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Brooklyn DA candidate Ama Dwimoh reflects on Nixzmary Brown’s case 11 years later

July 19, 2017 By Rob Abruzzese, Legal Editor Brooklyn Daily Eagle
Marines carried the casket of Nixzmary Brown into St. Mary's Church on Jan. 18, 2006. Ama Dwimoh eventually secured the convictions of the 7-year-old's stepfather and mother. AP Photo

This past Tuesday would have been the 19th birthday of Nixzmary Brown, who was 7 years old when she was brutally murdered by her stepfather and mother in their Bedford-Stuyvesant home.

While many people have forgotten the incident, Brooklyn DA candidate Ama Dwimoh, who prosecuted the case, can never forget it.

“I remember the morning of Jan. 11, 2006 very vividly,” said Dwimoh, who was the head of the Brooklyn DA’s Crimes Against Children Bureau at the time. “I was out sick at the time and the phone rang. I got out of bed to answer it and then I rushed into the office because on the other end of the line, they described a little 7-year-old, malnourished, beaten, tied to a chair, and in that moment all I could think about is, ‘Oh my gosh, she’s 7.'”

Dwimoh said it was such a horrible tragedy that it didn’t even seem real until she was speaking at a press conference following the indictment of the child’s supposed protectors. It was shocking, Dwimoh said, because it reminded her that terrible tragedies can happen at any time and any place, even right here in Brooklyn.

“Nixzmary’s death brought shockwaves through the city,” Dwimoh recalled. “When I think back on it, I remember the phone call, and I remember watching the line around the block to go view her body and pay respects  … It was shocking.”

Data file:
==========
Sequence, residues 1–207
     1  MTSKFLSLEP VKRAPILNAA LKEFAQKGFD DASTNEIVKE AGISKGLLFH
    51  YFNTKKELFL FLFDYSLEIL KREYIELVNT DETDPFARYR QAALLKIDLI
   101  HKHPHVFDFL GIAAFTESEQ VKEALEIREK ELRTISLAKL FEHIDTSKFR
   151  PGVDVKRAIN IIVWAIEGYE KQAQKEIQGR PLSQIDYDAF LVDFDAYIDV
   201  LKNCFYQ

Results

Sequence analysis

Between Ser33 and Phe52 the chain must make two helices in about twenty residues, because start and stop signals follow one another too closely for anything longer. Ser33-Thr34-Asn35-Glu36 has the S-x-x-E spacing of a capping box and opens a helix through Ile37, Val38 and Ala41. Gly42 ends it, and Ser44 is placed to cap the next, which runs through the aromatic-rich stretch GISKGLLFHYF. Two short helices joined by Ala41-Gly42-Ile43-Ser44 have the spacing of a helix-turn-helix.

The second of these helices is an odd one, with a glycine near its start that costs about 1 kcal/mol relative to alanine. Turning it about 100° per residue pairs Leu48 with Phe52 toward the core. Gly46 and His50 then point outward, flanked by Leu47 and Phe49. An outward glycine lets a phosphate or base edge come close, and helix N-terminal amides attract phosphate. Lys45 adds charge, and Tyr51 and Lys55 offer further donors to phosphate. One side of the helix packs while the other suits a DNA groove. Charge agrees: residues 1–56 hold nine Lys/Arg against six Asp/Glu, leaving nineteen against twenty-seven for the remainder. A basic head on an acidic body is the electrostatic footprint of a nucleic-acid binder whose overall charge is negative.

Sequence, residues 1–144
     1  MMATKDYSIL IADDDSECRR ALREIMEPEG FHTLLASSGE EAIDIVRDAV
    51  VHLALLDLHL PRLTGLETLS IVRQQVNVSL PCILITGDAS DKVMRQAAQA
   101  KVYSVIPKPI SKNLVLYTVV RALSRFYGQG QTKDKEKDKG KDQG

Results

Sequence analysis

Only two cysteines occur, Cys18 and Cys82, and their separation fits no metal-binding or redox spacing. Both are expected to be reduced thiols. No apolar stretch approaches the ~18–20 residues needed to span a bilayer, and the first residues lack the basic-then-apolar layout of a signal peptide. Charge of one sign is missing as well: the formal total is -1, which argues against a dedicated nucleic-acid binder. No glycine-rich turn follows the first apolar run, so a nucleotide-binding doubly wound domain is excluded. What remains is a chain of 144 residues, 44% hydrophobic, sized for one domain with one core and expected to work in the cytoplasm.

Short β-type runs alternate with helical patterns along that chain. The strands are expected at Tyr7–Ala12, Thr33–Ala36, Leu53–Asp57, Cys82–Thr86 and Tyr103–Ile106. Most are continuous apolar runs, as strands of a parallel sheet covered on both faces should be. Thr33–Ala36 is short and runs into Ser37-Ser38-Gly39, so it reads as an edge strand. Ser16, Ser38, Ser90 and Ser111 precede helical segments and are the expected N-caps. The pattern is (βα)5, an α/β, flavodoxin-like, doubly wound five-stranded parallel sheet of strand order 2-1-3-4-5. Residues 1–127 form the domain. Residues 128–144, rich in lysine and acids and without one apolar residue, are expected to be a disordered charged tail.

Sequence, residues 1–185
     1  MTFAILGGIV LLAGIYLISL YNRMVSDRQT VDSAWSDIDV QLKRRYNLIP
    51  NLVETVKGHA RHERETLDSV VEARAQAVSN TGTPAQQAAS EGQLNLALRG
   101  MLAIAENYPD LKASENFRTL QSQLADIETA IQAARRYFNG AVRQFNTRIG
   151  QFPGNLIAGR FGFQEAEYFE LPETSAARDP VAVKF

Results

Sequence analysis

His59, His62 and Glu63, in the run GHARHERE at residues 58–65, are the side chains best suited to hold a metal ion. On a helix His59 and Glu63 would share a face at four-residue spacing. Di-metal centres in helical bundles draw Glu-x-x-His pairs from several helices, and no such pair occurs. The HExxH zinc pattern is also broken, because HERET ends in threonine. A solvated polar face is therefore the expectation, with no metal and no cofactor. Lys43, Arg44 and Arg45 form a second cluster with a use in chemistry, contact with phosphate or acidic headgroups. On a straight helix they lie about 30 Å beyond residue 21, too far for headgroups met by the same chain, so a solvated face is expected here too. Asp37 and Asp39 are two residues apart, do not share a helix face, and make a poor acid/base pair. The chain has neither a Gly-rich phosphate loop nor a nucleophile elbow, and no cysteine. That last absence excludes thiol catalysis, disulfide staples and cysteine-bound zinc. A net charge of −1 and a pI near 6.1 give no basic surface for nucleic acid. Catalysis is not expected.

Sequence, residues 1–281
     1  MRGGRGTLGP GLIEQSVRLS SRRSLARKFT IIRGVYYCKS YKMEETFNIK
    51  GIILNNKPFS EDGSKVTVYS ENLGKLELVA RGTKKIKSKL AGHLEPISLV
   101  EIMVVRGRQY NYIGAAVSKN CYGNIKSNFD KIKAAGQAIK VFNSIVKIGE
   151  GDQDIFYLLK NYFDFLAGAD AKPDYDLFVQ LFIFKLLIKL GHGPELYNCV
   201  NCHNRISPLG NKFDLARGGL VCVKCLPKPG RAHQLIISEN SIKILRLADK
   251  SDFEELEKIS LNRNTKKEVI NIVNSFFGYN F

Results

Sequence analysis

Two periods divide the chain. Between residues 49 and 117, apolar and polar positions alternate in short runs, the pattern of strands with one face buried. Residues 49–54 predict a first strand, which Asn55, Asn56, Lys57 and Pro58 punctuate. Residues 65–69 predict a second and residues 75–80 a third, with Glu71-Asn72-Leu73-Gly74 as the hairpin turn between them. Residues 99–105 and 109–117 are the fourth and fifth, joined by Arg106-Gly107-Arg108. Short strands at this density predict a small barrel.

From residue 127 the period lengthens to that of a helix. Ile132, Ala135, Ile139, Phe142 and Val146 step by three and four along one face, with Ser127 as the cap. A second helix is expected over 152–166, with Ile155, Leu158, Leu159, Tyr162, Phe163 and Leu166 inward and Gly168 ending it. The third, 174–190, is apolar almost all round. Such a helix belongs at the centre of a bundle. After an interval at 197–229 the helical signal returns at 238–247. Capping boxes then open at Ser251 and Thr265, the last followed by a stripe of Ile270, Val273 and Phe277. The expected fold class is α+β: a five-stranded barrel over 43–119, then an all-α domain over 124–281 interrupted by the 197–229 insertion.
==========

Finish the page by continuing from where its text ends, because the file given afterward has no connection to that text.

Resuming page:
Dwimoh eventually led the prosecution to convict Brown’s parents, Cesár Rodriguez and Nixzaliz Santiago, in front of Hon. L. Priscilla Hall and Hon. Patricia DiMango, respectively.

Part of the tragedy at the time was the failure of the Administration for Children’s Services (ACS), who had been warned about Nixzmary’s living conditions, but failed to act. Not only did Dwimoh see her role as one of bringing justice for a little girl, but felt that she was also instrumental in bringing awareness to the issues within ACS.

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“There is a lot of reform in the aftermath in terms of ACS,” Dwimoh said. “It was an overhaul of the entire system. It was needed. Unfortunately, it takes these kinds of tragedies to bring this to light. This little 7 year old left us with the legacy that things like this happen in Brooklyn, and we have the responsibility as adults to protect our children.”

As a prosecutor, Dwimoh fought for the rights of children before this incident, and has continued to do so even after leaving the DA’s Office. She helped bring a Baby Safe Haven statue to New York, she helped with Operation CARE, which brings awareness of child abuse, and even recently she has advocated for the passage of the Child Victims Act.

One thing that Dwimoh would like to do is to re-establish the Crimes Against Children Bureau, which got swallowed up by another bureau years ago, within the Brooklyn DA’s Office.

“In order for people to get their justice, you need a specialty unit that is focused and knows what those cases are like,” Dwimoh said. “[The Crimes Against Children Bureau] was essential. When you see these types of crimes continue it makes you see that these victims deserve to have people solely focusing on these issues and these types of prosecutions.”

 

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